• Homer High’s Alayne Tetor finds and instills inspiration in art
By Christina Whiting
Homer High School art teacher Alayne Tetor considers herself a mountain-loving art fiend.
Growing up in a densely wooded area of Pennsylvania, close to the Appalachian Mountains and New York City, Tetor’s proximity to nature and art inspired in her a deep appreciation for both.
Tetor views art and creativity as both transformative and transcending.
“I love to see the creative energy pulsing through students,” she said. “I work a lot to help students move through fear and self-judgment. It’s wonderful to see a student start to open up, embody more of themselves, learn how to express their creativity and feel good about expressing it.”
Tetor and Matt Tucker, Homer High’s special education teacher, were instrumental in creating “Colors of Homer.” The student-driven group encourages local youth to share their creativity with each other and the community.
“It’s been wonderful to see students supporting one another as they grow from being nervous about performing to owning the stage they’re on,” she said.
Tetor mentors her students and knows the value of mentoring. As a youth, she was inspired by her art teacher, Mrs. Crowley.
“She is my art goddess,” Tetor said. “She was real, authentic, uninhibited and had a raging passion for art.”
Tetor was also inspired by her mother’s cousin, Deborah, who worked as a costume and fashion designer in New York City.
“Deborah sent me boxes of scrap fabrics, buttons and art supplies, surrounding me with treasures,” Tetor explained. “She was my art mom.”
Growing up, Tetor took every art class she could. She was most drawn to capturing nature scenes through sketching, as well as painting with oils and watercolors. While studying art education in college, Tetor was attracted to Indian art, culture and philosophy. She spent two months traveling and studying in India.
Tetor traveled to Varanasi, India, where she stayed with a Buddhist family for two months.
“From the ancient carvings, the women’s brightly colored saris, the glittery shrines on taxi cab dashboards, to the sacred rituals being performed everywhere and all of the time, life is art in India,” she explained.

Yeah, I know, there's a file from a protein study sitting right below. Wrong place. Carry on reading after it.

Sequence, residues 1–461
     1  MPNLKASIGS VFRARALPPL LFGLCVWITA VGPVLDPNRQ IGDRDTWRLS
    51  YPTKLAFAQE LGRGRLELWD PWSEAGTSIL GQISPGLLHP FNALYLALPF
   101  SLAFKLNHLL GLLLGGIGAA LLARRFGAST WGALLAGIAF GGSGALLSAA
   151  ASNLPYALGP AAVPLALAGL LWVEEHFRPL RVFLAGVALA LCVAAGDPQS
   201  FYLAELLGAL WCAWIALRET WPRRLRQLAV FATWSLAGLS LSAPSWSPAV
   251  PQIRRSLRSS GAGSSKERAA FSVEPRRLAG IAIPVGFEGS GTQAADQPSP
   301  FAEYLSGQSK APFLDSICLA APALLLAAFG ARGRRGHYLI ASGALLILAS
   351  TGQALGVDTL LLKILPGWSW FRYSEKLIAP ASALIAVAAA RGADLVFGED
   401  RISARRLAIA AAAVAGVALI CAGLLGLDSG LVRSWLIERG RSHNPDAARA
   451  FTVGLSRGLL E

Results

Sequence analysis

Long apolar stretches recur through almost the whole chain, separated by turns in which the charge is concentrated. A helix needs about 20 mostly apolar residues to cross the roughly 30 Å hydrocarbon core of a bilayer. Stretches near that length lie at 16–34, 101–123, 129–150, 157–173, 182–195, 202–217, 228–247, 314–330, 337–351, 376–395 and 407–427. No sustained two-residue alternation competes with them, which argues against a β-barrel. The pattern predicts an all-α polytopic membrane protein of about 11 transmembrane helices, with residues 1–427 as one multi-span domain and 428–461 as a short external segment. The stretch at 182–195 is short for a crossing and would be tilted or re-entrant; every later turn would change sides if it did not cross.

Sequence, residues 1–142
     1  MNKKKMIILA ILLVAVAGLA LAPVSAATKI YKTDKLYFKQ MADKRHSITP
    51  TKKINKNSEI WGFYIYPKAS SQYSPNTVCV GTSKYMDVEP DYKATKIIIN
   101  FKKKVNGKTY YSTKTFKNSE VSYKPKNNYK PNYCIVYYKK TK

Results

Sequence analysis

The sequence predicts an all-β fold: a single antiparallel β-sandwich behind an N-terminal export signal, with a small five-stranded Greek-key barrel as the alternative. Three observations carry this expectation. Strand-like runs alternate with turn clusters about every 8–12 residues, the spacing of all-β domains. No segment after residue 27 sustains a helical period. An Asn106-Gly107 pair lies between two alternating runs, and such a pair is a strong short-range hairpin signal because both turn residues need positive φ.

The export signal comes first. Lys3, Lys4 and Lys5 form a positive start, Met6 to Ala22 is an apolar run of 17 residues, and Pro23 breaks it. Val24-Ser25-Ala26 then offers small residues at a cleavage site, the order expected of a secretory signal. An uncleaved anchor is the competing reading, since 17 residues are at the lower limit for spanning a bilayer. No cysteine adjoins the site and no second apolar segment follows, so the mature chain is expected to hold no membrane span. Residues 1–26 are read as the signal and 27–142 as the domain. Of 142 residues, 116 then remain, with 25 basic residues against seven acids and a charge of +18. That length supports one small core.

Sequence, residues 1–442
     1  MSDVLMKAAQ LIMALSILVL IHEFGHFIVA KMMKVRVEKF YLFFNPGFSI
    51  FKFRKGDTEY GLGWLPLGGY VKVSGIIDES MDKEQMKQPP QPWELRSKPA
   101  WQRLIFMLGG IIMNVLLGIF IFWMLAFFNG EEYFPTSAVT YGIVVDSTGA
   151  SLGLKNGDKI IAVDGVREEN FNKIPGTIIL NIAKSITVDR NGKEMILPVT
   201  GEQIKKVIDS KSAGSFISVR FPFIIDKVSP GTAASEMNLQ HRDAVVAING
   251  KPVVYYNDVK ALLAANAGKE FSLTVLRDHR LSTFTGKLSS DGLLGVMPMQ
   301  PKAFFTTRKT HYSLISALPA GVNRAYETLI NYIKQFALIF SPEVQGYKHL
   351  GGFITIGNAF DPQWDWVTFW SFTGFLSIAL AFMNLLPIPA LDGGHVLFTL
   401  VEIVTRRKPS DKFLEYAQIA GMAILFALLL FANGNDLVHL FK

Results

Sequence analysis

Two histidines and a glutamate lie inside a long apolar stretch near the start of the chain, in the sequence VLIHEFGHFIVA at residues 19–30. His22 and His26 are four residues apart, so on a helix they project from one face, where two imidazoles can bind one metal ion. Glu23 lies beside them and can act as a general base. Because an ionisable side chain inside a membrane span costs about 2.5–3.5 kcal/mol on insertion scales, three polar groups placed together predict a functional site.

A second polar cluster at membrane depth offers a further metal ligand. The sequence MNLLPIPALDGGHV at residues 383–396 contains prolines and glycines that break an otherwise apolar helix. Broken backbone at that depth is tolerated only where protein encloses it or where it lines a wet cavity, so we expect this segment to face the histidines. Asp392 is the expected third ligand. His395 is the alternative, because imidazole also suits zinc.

Living in Alaska had been a life-long dream for Tetor, and in the summer of 2010, she made her way to Talkeetna. There, she lived in a small cabin, worked at a bakery and rode her bike everywhere. When she had an opportunity to teach art in Anchorage, she moved to the city and spent the next year teaching.
And, while she loved her job, she dreamed of living a simple lifestyle in a beautiful, small, tight-knit community where she could network and feel like she was part of a family.
She found what she was looking for in Homer.
Tetor spent her first year in Homer teaching yoga. She also volunteered for Homer Council on the Arts, and was soon teaching their after-school art classes, as well as coordinating the monthly gallery exhibits and working as an administrative assistant.
“HCOA really got me involved in the local arts community,” she said. “It’s a great hub for creative people.”
As passionate as she is about her art, Tetor is equally passionate about fitness, nature and adventure. She is the assistant cross county running coach at the high school, teaches yoga at both the college and high school levels and loves to backpack and ski.
These activities help her model a healthy lifestyle for her students, while also maintaining her own level of fitness.
Tetor melds these passions by taking her sketchbook and watercolor kit along with her when she is out exploring. She recently explored Ruth Glacier in the Alaska Range, where she stayed in a hut and backcountry skied.
During a three-day snowstorm, she created a drawing of an eight-foot snowdrift that was encasing the window of her hut.
“This snowdrift represented the magnitude of nature in juxtaposition to the tiny human shelter,” she said.
While most of her art depicts the human interaction with nature, she also likes to create illustrations of surreal, contemplative drawings.
Tetor will showcase some of her illustrations on T-shirts that will be available in Homer this summer, as part of her new small business, Arctic Mermaid Designs. She also hopes to have an exhibit of paintings and sketches later this year.
One day, Tetor would like to use art and creativity to counsel adolescents. She recently applied to graduate school for a masters of education in counseling, with a focus on art as therapy.
Behind Tetor’s passions is a belief that art can be a powerful vehicle for processing the human experience.
“Art is about our perception of things, rather than just the way things are,” she said. “Culture creates strong communities and I’ve always wanted to be a part of making that happen.”
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